Magisterial inquiry underway into fraud allegations against notary's widow

The inquiry is currently gathering testimony from all affected parties

The late notary Ivan Barbara (left) and his wife Rosanne Barbara Zarb
The late notary Ivan Barbara (left) and his wife Rosanne Barbara Zarb

A magisterial inquiry into potential fraud by the widow of notary Ivan Barbara, requested by three former clients last year, has begun and is currently gathering testimony from all affected parties - understood to number at least 35.

In a decree giving its assent to the appointment of a magisterial inquiry into potential fraud by the late notary Ivan Barbara and his wife last November, the Criminal Court had highlighted the need for Special Investigative Magistrates, resurrecting a draft bill from 1997 which was overlooked and never passed into law.

The inquiry, which is being conducted by Magistrate Yana Micallef Stafrace, is understood to have started earlier this year.

The Criminal Court's ruling had been made in proceedings filed by three clients of the late notary, in which they had requested a magisterial inquiry into what they claim to be the fraud and misappropriation of over €30,000 from them by the notary and his wife, Rosanne Barbara Zarb.

Simon Mallia, Matthew Sacco and Valerie Mallia had entered into separate promises of sale with third parties, paying deposits on the contracts by means of cheques which the notary had then cashed.  After Barbara’s death in India from Covid-19, the plaintiffs had requested his office refund them the amounts they had deposited.  

Initially, Rosanne Barbara Zarb had told them that the refunds were being delayed by the fact that Notary Barbara’s death certificate had not yet been issued due to bureaucratic issues. However, when they later enquired as to the progress of the refunds, they were informed that the defendant had renounced her husband’s inheritance.

Their worst fears were confirmed when, after news of the inheritance issue hit the headlines, several of the notary’s clients had made inquiries with government departments to check whether the tax that they had paid on property contracts had been received. They were told that no payment had been received, meaning that their contracts were never registered, meaning that they needed to fork out, for the second time, the amounts in tax that they had already entrusted with Barbara to settle.

In his November decree, ordering the magisterial inquiry to begin, Mr Justice Giovanni Grixti disagreed with the implication that the magisterial inquiry, as an institution, had equal investigative powers at law to those granted to the Commissioner of Police. “In the understanding of this Court, this is mistaken because the primary function of the inquiring magistrate, both historically and today, is that of preserving the scene of the crime and all the evidence relating to the alleged crime so that they can be brought as untouched evidence in the case of proceedings against third parties. Nowhere in the Criminal Code or in some other law, are the investigative powers of the inquiring magistrate mentioned.”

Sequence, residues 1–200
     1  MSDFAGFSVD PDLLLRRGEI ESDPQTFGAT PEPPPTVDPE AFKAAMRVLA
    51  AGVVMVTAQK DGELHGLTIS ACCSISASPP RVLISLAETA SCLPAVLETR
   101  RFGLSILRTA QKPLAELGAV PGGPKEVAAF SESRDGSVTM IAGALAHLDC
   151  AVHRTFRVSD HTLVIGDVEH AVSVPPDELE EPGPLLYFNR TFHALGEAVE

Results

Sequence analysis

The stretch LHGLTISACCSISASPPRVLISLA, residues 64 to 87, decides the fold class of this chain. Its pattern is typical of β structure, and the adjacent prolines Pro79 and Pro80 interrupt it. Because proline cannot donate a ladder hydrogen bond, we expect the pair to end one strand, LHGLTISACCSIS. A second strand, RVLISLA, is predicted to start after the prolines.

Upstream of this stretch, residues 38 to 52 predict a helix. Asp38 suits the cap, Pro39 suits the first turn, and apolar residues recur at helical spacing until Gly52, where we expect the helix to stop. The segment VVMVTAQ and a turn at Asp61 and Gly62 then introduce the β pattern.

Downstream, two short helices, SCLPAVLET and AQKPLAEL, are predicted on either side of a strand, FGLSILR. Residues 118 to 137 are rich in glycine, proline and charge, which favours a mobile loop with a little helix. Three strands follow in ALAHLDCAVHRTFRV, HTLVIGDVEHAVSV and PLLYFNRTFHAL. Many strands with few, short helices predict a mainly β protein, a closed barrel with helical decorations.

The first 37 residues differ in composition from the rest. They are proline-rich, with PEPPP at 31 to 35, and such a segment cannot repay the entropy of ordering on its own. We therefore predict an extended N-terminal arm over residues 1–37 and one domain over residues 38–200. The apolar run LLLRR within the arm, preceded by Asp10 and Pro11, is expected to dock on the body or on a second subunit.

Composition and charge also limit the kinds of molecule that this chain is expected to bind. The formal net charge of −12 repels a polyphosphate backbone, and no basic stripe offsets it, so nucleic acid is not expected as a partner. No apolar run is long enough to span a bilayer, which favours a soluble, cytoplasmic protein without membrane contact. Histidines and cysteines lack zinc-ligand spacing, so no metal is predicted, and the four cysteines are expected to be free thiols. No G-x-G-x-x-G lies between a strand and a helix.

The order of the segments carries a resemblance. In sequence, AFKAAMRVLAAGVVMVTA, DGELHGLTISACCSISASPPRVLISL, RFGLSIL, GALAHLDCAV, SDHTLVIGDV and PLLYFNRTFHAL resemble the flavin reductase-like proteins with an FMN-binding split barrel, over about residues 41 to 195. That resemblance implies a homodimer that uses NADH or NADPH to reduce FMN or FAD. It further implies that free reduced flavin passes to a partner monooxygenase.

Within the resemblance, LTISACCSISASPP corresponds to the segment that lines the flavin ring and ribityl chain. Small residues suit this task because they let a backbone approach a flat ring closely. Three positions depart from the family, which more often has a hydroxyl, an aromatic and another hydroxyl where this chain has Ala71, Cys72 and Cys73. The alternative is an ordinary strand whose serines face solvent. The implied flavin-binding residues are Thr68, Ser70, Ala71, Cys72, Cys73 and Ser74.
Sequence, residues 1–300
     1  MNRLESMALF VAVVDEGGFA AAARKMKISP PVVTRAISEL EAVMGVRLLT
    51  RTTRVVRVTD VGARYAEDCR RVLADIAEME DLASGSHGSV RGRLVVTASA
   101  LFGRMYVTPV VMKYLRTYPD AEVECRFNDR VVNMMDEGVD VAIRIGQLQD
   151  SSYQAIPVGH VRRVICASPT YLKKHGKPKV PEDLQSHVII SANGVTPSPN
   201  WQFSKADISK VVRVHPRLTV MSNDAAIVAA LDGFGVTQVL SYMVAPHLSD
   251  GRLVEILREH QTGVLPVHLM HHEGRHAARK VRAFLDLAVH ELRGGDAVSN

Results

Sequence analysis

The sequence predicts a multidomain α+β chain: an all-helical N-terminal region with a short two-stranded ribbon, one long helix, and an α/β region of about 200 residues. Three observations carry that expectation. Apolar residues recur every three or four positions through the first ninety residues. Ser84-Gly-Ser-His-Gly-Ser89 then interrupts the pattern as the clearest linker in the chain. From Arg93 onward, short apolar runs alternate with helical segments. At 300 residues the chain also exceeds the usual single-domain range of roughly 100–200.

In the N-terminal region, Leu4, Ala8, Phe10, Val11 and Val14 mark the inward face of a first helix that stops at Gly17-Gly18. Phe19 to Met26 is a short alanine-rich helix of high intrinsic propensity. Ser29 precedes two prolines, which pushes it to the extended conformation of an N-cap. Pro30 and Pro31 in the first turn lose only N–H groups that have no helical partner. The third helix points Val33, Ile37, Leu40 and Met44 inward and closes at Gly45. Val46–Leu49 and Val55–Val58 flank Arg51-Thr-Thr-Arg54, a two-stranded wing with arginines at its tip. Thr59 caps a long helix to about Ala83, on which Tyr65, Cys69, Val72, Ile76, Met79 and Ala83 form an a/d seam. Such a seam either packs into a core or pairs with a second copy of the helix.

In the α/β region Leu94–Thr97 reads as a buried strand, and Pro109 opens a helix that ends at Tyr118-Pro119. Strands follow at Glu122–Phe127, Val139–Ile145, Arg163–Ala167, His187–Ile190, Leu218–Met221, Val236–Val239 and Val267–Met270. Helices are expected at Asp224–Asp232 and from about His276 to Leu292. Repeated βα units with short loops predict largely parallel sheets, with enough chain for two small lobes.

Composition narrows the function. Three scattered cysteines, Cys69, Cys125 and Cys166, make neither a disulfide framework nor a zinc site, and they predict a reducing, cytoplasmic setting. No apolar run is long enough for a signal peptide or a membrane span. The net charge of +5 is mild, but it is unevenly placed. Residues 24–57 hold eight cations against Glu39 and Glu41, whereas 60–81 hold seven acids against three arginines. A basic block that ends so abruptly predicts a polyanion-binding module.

The judge conceded that in many cases the preservation of evidence required “a certain element of investigation” by the magistrate which could diminish the conclusions reached by the police. Grixti however also points out that in reality, to date inquiring magistrates are dependent on the powers of the Commissioner of Police. “And this can, as historically also happened, lead to a situation where the inquiring magistrate depends on the investigative faculties of the police in cases where the same police do not feel that an investigation is required, much less proceedings on those merits.”

He made reference to Bill number 45 of 31st October 1997, which was a draft law aimed at creating a Special Investigative Magistrate who would investigate corruption and related matters. That Bill however, never passed into law, due to the change in government in 1998.

“In summary, this draft had envisaged the setting up of the institution of Special Investigative Magistrate, empowered to carry out inquiries and investigations according to functions and duties listed therein.” The mere prospect of this new investigative position was, in itself, an indication of the lack of investigative power granted to inquiring magistrates, said the judge.

However, said the judge, even as it stands, the law still grants the inquiring magistrate the power, “or rather, the obligation,” to preserve everything that can be brought as evidence, and there was nothing to stop an interested party from requesting a magisterial inquiry into corruption cases.

Applying these principles to the case before him, the judge observed that the complainants had exhibited the prima facie evidence required by the law, consisting of copies of documents and sworn declarations, for it to be wise that a site visit be carried out to preserve the documents and traces of payments made to the deceased notary, while the communion of acquests between him and the defendant had still been in force.

The judge had therefore dismissed Barbara Zarb’s requests and ordered that the acts of the case be assigned to an inquiring magistrate by rota.

The three victims are represented by lawyer David Bonello.